History of Pilanesberg Game Reserve
Considered to be one of the most ambitious game reserve projects in the world, the Pilanesberg Game Reserve is home to at least 86 species of African wildlife and offers its visitors a Big Five game viewing experience.
A brief history of the Pilanesberg Game Reserve
Formed in 1979 under a project known as Operation Gensis in 1979, the Pilanesberg Game Reserve is a wildlife park that spans across 50 000 hectares of land in a semi-circular shape incorporating hills, valleys and broken rock country created from ancient volcanic activity.
An interesting fact is that the Pilanesberg game reserve is in fact not one of South Africa's National Parks, as it is managed by the North West Parks Board and not the national government. The safari park takes its name from the Tswana chief, Pilane.
Interesting volcanic landscape
It is considered one of the world's most incredible geological phenomena as it is the site of one of the largest volcanic complexes of its type in the world. The large alkaline rock ring complex was formed during a massive volcanic eruption 1 200 - 1 300 million years ago with the remnants of the explosion still seen today, despite heavy erosion of landscape, in the remnants of lava flow and angular rock fragments called breccia.
The Voortrekkers Arrive
The nature park area has a rich history of occupation and visitors will be able to spot the visible relics of its pre-historical inhabitants in the remains of walls that are scattered across the reserve and date back to the 17th century.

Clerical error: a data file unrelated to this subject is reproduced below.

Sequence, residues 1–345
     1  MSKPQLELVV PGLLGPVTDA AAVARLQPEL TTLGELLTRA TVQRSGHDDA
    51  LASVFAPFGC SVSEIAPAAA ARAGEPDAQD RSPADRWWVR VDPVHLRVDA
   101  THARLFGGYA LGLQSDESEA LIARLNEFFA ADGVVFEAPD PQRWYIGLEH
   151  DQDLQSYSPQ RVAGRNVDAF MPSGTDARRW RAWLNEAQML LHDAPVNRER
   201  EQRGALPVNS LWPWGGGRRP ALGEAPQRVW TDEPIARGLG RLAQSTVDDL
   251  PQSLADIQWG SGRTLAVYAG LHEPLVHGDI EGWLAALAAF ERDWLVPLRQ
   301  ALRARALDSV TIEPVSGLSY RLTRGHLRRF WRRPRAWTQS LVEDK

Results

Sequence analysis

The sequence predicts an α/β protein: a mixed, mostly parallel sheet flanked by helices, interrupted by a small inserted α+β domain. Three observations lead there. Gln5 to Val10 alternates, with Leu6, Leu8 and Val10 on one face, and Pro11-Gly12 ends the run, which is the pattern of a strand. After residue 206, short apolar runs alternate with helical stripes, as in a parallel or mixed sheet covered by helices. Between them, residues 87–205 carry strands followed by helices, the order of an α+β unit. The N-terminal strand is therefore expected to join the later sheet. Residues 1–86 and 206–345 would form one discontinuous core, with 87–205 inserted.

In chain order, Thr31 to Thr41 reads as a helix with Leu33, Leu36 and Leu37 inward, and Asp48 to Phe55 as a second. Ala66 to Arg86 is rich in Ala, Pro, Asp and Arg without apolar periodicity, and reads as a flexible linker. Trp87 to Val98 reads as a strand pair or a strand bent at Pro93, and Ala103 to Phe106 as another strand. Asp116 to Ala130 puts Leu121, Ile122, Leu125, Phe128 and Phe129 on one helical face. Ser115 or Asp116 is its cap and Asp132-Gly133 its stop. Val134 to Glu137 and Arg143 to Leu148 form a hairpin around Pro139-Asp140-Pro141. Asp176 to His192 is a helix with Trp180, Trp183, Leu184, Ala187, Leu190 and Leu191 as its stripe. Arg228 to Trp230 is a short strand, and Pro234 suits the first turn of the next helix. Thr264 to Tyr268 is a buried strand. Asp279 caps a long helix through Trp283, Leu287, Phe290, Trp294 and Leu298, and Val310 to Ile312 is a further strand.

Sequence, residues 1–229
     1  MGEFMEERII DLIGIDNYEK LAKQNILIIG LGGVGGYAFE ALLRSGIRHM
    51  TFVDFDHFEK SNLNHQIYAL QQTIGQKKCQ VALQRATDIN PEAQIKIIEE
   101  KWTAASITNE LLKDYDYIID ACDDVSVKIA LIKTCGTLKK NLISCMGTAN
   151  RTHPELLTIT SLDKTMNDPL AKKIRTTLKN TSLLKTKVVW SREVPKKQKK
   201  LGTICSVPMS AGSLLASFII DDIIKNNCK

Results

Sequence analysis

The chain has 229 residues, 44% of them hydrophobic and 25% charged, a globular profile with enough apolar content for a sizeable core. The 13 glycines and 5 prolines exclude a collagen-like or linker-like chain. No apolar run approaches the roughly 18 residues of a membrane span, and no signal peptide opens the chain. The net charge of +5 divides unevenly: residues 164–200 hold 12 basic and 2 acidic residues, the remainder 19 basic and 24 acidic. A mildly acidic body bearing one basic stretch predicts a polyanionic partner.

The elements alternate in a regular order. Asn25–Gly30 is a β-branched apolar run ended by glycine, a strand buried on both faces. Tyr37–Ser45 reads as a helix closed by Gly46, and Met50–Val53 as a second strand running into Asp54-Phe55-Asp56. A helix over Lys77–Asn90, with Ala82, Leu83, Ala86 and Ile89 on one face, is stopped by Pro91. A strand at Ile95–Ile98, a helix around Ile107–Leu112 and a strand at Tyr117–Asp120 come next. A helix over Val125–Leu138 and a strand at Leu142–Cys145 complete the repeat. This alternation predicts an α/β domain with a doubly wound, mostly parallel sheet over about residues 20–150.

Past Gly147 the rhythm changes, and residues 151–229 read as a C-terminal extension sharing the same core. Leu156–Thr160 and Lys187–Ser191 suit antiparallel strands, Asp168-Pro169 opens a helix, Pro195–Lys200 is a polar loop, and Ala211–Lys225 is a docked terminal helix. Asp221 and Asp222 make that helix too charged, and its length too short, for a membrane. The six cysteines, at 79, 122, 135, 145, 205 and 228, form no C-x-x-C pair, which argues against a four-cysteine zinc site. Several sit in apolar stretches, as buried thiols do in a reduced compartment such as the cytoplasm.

At the foot of the hills evidence of Iron Age Batswana settlements has been found and in the 9th century the area home to the intrepid Afrikaners who lived and farmed in the area at the end of the 'Great Trek'. There are a few scattered graveyards in the area to remind visitors today of the inhabitants of the past. This period also saw the reserve acting as a sanctuary to the rebel Zulu warriors who, while fleeing from the Zulu king; Shaka, passed through the area.
During the 1960s the farms that make up the park, were purchased by the South African government and were used as a settlement area for the Bakubung tribe. After Apartheid was abolished, the land was then handed over to the Bophuthatswana people and thus the only remaining private land is now 3 small sections which are all approximately 3 hectares in size as well as the 608 hectare farm owned by Catherina Clark, a daughter of South Africa's 4th Prime Minister; Jan Smuts.
There are currently plans in place to join the Pilanesberg Game Reserve with the North West provinces other major safari park; the Madikwe Game Reserve, which lies on the South Africa/Botswana border in the north of the province.